Distant Korean Resolution Hits Home
Korean divide resonates with SF State students.
September 9, 2003 3:07 PM
When the six-way talks aimed at resolving the crisis over North Korea's alleged nuclear program adjourned on August 29th, repercussions were felt in the corridors of power in world capitals and the halls of San Francisco State.
While this may seem like a distant issue for Americans, and particularly students, the North Korean crisis does affect a small aspect of the San Francisco State community, Korean-Americans, and Korean students who have come to the United States to study.
Returning from the summit in Beijing, Secretary of State Colin Powell said that the North Korean delegation had threatened to test a nuclear device in the near future, a statement denied by Russian Foreign Minister Igor Ivanov, also a participant in the talks. Seemingly lost in the war of words between Washington, Moscow, and Pyongyang was the voice of South Korea, which has the most to gain or lose, depending on the outcome of the crisis.
Although opinions vary, many in the Korean community feel that President Bush's labeling of North Korea as a central figure in the "axis of evil" after the terrorist attacks of September 11th, 2001 only provided a further excuse for the reclusive regime to further its nuclear ambitions, and pushed back any chances for reunification.
"I don't think most American people realize the danger because they're so far away," says Paul Kim, a 23-year-old Korean-American studying at City College. The Americans are cornering North Korea, so they feel like they have no choice but to develop nuclear weapons. As long as [North Korean leader] Kim Jong-Il is in power he'll want to protect himself."
According to Dr. Chunghee Soh, a professor of Anthropology at SF State, and an expert on Korean culture, there is no single opinion on how best to resolve the crisis, and move towards an eventual reunification.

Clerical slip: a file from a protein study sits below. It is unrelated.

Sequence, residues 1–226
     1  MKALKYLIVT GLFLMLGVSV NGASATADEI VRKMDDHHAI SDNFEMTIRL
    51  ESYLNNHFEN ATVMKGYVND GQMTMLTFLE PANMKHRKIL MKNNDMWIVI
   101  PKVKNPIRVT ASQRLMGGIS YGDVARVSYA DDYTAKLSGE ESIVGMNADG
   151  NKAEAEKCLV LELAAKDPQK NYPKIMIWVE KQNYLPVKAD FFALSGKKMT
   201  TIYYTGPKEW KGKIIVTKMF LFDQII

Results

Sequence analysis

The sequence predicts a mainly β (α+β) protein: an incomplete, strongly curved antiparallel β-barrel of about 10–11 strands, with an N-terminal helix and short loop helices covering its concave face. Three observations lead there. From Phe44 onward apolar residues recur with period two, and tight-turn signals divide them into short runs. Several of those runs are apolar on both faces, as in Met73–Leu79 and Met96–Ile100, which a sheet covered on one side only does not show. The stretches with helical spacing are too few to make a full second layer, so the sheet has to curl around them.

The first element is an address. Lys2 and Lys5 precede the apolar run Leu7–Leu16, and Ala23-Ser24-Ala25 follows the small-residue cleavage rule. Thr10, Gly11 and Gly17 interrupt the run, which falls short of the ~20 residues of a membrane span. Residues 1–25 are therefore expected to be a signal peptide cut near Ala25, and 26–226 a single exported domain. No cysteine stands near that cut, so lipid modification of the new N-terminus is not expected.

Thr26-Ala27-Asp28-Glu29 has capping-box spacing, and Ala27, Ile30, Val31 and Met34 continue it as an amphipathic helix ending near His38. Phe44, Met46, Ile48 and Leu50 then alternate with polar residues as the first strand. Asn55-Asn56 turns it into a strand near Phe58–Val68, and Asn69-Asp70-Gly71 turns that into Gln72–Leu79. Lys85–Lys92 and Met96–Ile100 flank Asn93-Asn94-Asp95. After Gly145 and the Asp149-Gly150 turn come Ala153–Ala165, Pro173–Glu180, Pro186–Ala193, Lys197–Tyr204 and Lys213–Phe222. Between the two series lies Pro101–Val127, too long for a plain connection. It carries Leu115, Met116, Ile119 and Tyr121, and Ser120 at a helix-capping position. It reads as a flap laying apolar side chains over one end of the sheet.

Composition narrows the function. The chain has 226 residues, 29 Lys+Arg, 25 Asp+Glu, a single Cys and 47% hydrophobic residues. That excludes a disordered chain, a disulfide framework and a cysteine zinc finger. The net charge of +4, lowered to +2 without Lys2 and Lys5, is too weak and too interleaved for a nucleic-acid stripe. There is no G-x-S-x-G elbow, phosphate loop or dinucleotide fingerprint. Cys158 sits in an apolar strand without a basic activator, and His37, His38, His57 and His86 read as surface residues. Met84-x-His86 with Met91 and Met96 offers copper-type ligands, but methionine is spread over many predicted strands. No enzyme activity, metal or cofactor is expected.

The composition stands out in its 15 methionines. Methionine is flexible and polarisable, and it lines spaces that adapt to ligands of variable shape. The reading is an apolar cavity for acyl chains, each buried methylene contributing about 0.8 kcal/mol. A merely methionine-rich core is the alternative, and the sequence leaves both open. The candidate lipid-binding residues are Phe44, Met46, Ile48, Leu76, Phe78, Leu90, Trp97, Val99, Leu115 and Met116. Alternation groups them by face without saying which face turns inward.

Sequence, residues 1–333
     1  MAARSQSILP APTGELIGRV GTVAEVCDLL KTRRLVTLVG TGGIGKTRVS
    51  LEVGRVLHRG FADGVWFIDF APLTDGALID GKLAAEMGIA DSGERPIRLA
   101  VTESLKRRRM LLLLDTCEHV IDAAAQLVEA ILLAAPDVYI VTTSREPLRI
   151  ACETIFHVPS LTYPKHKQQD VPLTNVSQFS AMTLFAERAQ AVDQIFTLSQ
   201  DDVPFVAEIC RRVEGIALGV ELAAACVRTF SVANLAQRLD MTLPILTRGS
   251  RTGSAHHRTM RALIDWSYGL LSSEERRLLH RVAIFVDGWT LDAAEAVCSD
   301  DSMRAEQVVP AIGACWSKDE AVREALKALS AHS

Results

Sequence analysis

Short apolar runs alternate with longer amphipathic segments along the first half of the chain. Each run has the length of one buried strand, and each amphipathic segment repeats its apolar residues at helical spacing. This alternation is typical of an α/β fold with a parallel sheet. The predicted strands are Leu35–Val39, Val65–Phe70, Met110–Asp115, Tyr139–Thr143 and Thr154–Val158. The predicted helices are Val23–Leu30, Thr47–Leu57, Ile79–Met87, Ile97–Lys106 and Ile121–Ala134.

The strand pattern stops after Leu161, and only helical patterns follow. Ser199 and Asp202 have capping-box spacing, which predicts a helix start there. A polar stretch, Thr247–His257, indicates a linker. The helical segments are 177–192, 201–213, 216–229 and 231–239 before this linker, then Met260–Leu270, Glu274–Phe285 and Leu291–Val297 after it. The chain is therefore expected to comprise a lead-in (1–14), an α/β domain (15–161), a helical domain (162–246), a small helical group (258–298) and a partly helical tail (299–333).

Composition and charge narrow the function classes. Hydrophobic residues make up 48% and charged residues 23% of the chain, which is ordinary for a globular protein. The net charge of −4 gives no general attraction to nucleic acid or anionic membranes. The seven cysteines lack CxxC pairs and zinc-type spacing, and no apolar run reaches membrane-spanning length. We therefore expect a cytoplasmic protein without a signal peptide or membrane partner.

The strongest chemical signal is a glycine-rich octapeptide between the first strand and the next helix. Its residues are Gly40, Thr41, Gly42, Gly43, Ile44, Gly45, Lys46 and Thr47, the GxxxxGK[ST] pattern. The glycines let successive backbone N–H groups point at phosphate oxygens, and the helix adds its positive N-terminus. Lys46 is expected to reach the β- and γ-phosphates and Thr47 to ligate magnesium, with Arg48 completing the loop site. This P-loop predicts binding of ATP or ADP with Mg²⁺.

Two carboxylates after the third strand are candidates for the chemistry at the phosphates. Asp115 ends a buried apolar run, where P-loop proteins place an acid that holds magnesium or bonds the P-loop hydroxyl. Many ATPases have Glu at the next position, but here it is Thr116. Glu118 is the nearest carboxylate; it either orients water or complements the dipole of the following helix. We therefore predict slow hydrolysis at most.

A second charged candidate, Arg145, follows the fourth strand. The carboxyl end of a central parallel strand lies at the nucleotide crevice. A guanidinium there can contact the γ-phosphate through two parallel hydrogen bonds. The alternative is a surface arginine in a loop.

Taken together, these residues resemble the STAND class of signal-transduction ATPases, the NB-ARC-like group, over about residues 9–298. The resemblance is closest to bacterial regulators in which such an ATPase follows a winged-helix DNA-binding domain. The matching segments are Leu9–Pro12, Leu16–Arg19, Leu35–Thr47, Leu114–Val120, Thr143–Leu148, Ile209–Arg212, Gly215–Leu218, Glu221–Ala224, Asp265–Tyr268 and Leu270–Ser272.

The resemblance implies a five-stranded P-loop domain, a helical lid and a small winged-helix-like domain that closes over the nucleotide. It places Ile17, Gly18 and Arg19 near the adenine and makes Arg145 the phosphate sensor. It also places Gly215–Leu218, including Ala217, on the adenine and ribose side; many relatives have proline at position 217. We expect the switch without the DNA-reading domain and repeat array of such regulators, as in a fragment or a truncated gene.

"Korean politics are divided into 2 extreme positions- in between is the silent majority," says Dr. Soh. "On one hand are the Progressives, the supporters of the 'Sunshine Policy [A policy of engaging the North, rather than isolating it],'under [former South Korean President] Kim Dae-Jung who felt that it was best to promote dialogue with North Korea. The Conservatives feel that nothing has changed, and they disagree with this approach."
Wonik Chang, 24, graduated from SF State in May 2003 with a degree in Computer Science. He plans to return to complete his Masters degree at SF State, but will first return to South Korea in December for his 2-year compulsory military service.
Like all Koreans of his generation, Chang has never known a world without the divided peninsula, but still feels a deep connection to the North Koreans. Chang believes that that the nuclear crisis, and the ongoing North/South conflict is not important for most Korean-Americans, particularly people his age. As a native Korean, Chang is not able to have the same distance.
"The North Koreans are similar, but they just live in communism. Korean people in the US think of the North as not 'us', not connected. For me, they're still one country," Chang says.
This being said, Chang is also realistic about the danger that the government of North Korea poses to his homeland. His parents, and almost his entire family still remain in the South, which the North has pledged to cover in a 'sea of fire' if provoked.
"As South Koreans we can't forget that we are still technically at war, the North Koreans are still our enemy, and that nuclear weapons could someday be used against us," says Chang.
According to Dr. Soh, like many immigrant populations, Korean-Americans do not necessarily try to stay close with their native land after arriving in America. She does point out that this is not the case in every Korean-American home, perspectives vary widely, and the San Francisco community is not nearly as homogenous as others in Los Angeles or New York. The common perspective among many Korean-Americans is simply that they want to end the struggle.
"Because of the distance I'm not sure whether it [the conflict] directly affects Korean-American lives unless they have jobs that are based on Korean companies, or other connections," Soh states.
Steve Lee, 19, is an Asian-American Studies sophomore at SF State, and a Korean-American. He was born in the United States, but lived in South Korea for 6 years as a child and teenager. Unlike many of his generation, he has strong opinions about the conflict in his homeland.
"Because I'm young maybe I have something more to say," he says. "It's a touchy subject though. My parents say 'why do we have to care, it'll just create more arguments."
"In my family it was never discussed," says Paul Kim.
Wonik Chang concurs.
"Both my father and grandfather went through the Korean War, and before that the Japanese colonization," remembers Chang.
"My grandfather was in the South Korean Navy during the war, but we never talked about it. He had some of his family in the North. Actually, my mother's father was married in North Korea, but had to move because his family was murdered."
News and information from the South Korean government
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